I just knew there had to be a reason for the large diameter tubing prevalent in modern bike design. I mean, the real reason, the claimed increases in stiffness aside. It's so they had a place to put the little secret motor! Yep, and a video has been widely circulating in the media suggesting that Fabian Cancellara did have a motor when he powered to big wins in the Tour of Flanders and Paris-Roubaix. Here's the video that started the tempest:

While I thought Cancellara dropped Boonen as if he had a rocket up his ass, I dismiss the charges of motor doping. He's simply a monster on the bike. The UCI, of course, has taken up the business of looking into the allegations.

Wednesday, June 2, 2010

Tuesday Night Crit Series: New Night , Same Action

Liz Cazer and JD McCay in the heart of the "A" Race pack during the Competitive Cyclist Burns Park Tuesday Night Crit

The Ronde van Burns Crit Series got off to a great start last night, and we dropped by before and after an abbreviated Tuesday night Fast Girl ride. The early evening "C" race was won by our own JohnEEE! Elmore. I missed the "B" group, but made it back to catch most of the "A" race which was won by the talented Noah Singer, who bolted from a three-man break and managed to lap the pack for the win. After the remnants of the break took second and third, Kris French took the field sprint out of the pack.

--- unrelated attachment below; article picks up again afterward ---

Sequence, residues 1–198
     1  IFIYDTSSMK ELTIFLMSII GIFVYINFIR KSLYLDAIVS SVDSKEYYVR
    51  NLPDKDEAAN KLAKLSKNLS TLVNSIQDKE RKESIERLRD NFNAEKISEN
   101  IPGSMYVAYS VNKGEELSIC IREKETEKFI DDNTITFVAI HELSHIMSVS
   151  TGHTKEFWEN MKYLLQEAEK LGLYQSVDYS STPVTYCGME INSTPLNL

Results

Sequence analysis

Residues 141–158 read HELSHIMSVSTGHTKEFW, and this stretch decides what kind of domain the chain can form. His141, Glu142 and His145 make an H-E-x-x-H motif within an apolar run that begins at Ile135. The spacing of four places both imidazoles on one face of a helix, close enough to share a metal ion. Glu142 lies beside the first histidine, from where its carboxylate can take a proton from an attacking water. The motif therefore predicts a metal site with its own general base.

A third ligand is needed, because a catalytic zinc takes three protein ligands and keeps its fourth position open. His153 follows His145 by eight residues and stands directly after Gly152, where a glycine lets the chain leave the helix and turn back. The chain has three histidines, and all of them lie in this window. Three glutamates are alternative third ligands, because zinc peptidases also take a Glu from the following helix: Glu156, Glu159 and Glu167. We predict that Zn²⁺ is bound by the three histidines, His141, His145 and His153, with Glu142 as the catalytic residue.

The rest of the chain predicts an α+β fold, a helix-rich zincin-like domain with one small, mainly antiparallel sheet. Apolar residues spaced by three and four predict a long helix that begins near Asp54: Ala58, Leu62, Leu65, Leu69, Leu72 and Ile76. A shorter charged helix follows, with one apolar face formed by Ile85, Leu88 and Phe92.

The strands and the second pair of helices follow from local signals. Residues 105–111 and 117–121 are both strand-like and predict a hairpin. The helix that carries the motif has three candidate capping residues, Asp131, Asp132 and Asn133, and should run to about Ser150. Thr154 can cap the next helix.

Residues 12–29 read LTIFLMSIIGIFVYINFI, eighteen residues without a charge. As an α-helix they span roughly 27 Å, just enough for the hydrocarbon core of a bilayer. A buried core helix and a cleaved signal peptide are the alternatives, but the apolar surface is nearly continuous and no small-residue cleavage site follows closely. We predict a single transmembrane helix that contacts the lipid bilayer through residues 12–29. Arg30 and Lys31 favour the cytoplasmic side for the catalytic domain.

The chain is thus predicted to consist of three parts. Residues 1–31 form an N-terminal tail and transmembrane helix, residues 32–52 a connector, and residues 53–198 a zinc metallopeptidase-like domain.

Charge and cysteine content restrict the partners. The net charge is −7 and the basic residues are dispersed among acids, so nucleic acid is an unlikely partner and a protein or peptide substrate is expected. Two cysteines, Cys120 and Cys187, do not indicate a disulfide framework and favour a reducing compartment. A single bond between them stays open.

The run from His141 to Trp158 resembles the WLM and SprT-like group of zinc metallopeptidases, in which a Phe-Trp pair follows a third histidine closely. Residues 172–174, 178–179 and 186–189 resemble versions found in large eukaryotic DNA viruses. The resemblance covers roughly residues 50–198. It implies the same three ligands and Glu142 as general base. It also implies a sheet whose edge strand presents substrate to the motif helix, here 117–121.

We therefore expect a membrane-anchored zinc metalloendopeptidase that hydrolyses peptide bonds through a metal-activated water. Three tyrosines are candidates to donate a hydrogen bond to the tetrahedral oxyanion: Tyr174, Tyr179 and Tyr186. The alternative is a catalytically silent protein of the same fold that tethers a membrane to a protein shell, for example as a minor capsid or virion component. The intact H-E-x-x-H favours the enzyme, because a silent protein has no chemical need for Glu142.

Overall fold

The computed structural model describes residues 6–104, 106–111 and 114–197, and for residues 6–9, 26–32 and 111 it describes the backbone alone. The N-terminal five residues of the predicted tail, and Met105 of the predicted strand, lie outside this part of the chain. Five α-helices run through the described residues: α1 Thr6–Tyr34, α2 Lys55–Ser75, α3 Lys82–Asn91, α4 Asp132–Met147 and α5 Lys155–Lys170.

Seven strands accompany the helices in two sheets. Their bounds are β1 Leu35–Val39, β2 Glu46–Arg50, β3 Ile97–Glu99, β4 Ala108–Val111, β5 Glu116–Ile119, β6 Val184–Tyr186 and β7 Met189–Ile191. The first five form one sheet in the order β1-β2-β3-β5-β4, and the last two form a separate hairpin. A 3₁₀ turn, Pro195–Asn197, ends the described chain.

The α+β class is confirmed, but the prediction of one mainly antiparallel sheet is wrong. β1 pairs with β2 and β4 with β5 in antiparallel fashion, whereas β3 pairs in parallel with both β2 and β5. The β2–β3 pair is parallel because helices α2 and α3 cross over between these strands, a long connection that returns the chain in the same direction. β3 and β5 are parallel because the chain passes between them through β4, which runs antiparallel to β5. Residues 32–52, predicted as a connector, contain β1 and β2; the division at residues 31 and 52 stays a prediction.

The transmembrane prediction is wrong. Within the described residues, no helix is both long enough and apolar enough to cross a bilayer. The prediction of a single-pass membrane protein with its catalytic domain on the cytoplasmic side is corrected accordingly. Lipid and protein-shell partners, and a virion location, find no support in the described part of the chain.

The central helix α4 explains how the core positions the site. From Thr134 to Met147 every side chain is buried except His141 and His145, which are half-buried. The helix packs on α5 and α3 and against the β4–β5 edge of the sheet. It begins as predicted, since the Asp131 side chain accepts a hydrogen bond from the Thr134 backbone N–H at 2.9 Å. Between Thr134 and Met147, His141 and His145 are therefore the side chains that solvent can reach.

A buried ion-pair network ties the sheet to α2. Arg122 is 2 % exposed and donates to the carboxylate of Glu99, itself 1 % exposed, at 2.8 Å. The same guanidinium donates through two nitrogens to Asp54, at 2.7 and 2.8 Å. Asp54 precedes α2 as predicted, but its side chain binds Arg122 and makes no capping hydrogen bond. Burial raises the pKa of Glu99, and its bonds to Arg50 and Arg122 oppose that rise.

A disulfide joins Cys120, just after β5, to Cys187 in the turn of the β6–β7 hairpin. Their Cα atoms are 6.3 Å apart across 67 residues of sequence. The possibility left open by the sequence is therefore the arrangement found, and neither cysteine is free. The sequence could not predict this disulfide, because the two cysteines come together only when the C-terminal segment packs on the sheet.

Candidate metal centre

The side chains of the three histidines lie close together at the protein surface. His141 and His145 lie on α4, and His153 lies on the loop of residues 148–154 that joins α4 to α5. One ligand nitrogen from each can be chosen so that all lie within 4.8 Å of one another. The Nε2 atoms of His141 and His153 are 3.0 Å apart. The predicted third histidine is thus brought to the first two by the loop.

The action was fast and the talent was showing. Competitive Cyclist put their "B" Team in SRAM Red kit against the store-sponsored Team Panther. There was a little trash talk,  but Panther's Noah took the win.

The crits have traditionally been held on Wednesdays, but Tuesday is the night this year! Come on out and watch the action. Feel free to yell support for the riders, 'cause they're not paying attention to you, anyway!

It's unfortunate that there is not more road racing in Arkansas these days, so the crits may be your best bet for watching some road bike competition in the area.

Here's a link to Noah's blog on the subject of the race:

Tuesday, June 1, 2010

Summer Crit Series: Starts NOW!

From our friends at Competitive Cyclist:

Competitive Cyclist proudly presents the 8th Annual

Ronde van Burns

Summer Criterium Training Series

USA Cycling Permit applied for/Race held rain or shine

Date: Tuesdays, June 1, 8, 15, & 22, 2010

Location: Burns Park Soccer Complex, North Little Rock, AR

Entry Fee: $5 ($0 payout)

Registration: Begins at 4:30pm

“C” race: Begins at 5:00pm – 20 minutes + 3 Laps

Category 5 Men & Category 4 Women only

“B” race: Begins at 5:40pm – 40 minutes + 3 Laps

Category 4 & 5

“A” race: Begins at 6:45pm – 55 minutes + 3 Laps

Category 1, 2, 3, & 4

Prizes: As per USA Cycling reg. 1L(c) we will be offering prizes and primes for the A and B races only. There will be no cash prizes. The joy of racing and making others suffer should be reward enough!